The History of Home-brewing in the UK

This arti­cle first appeared in issue 9 of Hop & Bar­ley mag­a­zine, a home-brew­ing spe­cial pub­lished in 2018, and avail­able to buy at £10 from the web­site.

Before 1963 if you wanted to make your own beer in Britain you either had to pay the government for the privilege, or do it secretly, thanks to the lingering effects of Victorian legislation.

In 1880 Prime Min­is­ter William Glad­stone, seek­ing to appease the farm­ing lob­by and urgent­ly raise mon­ey, replaced the long­stand­ing malt tax with a duty on the fin­ished prod­uct – beer. As a side effect, house­holds that brewed their own beer for ‘domes­tic use’ (that didn’t sell it) were sud­den­ly sub­ject to reg­is­tra­tion, reg­u­la­tion and inspec­tion, and were required to pay for a licence.

This didn’t stop home-brew­ing alto­geth­er, espe­cial­ly not in cas­es where it was part of com­mu­ni­ty life, as at Blax­hall in Suf­folk where, accord­ing to the rec­ol­lec­tions of one elder­ly vil­lager, almost every house­wife brewed her own beer before World War I. They shared equip­ment and formed a ‘yeast chain’ with each woman col­lect­ing yeast from whichev­er of her neigh­bours had brewed most recent­ly. [1]

But as the 20th cen­tu­ry wore on, and peo­ple were dragged into court for mak­ing beer at home with­out licences, home-brew­ing as a vital tra­di­tion all but dis­ap­peared. Offi­cial num­bers sug­gest­ed that by 1961–62 only 250 peo­ple in the entire coun­try had licences to brew beer at home. [2]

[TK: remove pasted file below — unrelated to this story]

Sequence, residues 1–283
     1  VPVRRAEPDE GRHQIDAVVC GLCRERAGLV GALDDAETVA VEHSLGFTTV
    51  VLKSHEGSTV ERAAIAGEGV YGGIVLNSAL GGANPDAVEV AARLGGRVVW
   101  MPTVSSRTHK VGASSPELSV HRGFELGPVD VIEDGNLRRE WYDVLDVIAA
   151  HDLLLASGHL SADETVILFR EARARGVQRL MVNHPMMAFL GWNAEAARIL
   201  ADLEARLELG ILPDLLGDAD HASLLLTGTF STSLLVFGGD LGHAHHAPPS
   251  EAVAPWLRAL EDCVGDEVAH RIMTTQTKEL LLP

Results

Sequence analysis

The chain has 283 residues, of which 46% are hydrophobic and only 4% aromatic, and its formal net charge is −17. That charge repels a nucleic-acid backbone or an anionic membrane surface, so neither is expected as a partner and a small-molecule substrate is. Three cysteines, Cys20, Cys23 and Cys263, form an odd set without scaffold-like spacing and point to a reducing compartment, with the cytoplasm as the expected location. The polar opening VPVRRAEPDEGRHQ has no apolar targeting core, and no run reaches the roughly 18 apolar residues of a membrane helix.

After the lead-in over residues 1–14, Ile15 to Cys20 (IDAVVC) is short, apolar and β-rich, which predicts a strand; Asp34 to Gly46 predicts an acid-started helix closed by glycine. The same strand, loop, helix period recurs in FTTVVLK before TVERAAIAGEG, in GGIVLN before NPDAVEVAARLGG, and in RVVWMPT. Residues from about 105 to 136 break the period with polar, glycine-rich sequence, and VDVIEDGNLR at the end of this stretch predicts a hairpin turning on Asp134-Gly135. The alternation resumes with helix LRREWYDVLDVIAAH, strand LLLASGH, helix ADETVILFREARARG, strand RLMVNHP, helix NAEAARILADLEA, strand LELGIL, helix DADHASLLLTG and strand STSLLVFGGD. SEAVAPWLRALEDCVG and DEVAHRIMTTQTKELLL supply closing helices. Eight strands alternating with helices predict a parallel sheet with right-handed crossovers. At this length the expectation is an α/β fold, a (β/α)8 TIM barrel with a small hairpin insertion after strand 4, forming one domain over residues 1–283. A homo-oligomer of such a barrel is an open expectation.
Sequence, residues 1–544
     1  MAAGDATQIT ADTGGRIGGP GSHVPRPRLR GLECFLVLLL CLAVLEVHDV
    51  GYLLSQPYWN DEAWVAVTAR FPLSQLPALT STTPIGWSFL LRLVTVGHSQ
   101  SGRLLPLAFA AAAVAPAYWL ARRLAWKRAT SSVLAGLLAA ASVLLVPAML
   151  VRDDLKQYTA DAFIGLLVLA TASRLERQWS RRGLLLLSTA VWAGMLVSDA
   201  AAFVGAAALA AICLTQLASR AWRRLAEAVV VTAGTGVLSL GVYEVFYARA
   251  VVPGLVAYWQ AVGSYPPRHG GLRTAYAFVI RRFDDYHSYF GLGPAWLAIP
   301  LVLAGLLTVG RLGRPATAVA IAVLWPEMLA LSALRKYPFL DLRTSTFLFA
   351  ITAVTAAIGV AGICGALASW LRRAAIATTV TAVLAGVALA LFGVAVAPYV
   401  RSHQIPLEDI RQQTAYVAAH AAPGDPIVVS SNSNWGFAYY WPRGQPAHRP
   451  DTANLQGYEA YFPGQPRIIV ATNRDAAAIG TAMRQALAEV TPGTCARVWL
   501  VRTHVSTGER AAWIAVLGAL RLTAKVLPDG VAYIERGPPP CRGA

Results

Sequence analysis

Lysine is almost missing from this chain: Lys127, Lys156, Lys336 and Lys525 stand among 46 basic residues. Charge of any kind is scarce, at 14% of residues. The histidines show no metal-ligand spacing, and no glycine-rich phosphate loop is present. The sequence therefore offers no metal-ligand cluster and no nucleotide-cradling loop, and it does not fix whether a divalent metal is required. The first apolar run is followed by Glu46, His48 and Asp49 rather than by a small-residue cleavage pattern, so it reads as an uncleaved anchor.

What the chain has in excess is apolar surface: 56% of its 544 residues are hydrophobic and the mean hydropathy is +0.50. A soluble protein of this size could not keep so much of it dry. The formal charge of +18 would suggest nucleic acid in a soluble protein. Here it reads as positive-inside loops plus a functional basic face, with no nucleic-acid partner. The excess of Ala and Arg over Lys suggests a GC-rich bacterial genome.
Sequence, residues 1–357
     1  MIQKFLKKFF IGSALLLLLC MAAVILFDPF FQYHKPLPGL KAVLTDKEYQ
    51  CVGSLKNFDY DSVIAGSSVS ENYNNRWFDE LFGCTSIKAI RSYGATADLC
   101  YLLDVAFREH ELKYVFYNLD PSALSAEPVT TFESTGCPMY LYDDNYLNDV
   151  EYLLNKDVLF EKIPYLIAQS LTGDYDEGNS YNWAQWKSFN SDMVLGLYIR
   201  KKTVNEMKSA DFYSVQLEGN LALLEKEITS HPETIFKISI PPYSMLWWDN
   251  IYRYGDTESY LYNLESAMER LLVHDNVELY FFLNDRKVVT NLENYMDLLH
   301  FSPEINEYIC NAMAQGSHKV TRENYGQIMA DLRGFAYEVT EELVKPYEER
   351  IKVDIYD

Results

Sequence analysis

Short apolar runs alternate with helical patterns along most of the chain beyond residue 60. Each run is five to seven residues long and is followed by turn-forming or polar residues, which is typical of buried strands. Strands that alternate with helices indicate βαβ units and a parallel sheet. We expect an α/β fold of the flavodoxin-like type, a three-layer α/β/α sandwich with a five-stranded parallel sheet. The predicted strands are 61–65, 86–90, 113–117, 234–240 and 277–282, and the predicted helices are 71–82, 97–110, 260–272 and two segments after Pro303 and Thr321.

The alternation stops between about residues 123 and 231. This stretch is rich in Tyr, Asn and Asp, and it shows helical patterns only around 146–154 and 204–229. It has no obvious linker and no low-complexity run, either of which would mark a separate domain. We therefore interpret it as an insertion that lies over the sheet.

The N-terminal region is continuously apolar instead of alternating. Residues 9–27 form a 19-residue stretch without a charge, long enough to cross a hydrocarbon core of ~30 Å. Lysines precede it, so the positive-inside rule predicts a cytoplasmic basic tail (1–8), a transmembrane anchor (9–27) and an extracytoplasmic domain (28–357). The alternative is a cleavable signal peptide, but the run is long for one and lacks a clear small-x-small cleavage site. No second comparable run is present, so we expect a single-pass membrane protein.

Of course there was plen­ty going on with­out licence behind closed doors and one 1963 news­pa­per col­umn described a home brew­er ‘who wish­es to remain anony­mous for obvi­ous rea­sons’ run­ning a sub­stan­tial brew­ery out of his garage to which ‘the Cus­toms and Excise have nev­er found their way’.  [3]

The cost of inves­ti­gat­ing and pros­e­cut­ing hard­ly seemed worth the effort which is why, on 3 April 1963, Con­ser­v­a­tive Chan­cel­lor Regi­nald Maudling announced the abo­li­tion of the 1880 law, with its ragged Vic­to­ri­an trousers, in his bud­get speech to the House of Com­mons. On the day of Regi­nald Maudling’s announce­ment, the garage home-brew­er men­tioned above drank a toast to the Chan­cel­lor, rais­ing a mug of his own strong ale. Free­dom, at last.

Con­tin­ue read­ing “The His­to­ry of Home-brew­ing in the UK

Another Round of #BeeryLongreads: 18 Dec 2015

We’re going to post something longer than usual (1,500+ words) on Friday 18 December, to give our readers something to chew on over the Christmas lull.

If any oth­er beer blog­gers fan­cy join­ing us, that’d be great – just post on or around the same date.

We won’t be putting togeth­er a round-up this time but will be shar­ing links on Face­book and Twit­ter using the hash­tag #Beery­Lon­gReads.

Also, by way of encour­age­ment, we’re going to send the best UK-based entry this pile of good­ies:

Prize bundle feat. Mikkeller book, Brew Britannia, Watney's half-pint glass, BrewDog keyring &c.

And, because of the cost of postage, the best from out­side the UK will get an Ama­zon vouch­er or sim­i­lar.

We’ll decide the win­ners entire­ly sub­jec­tive­ly and our deci­sion will be final.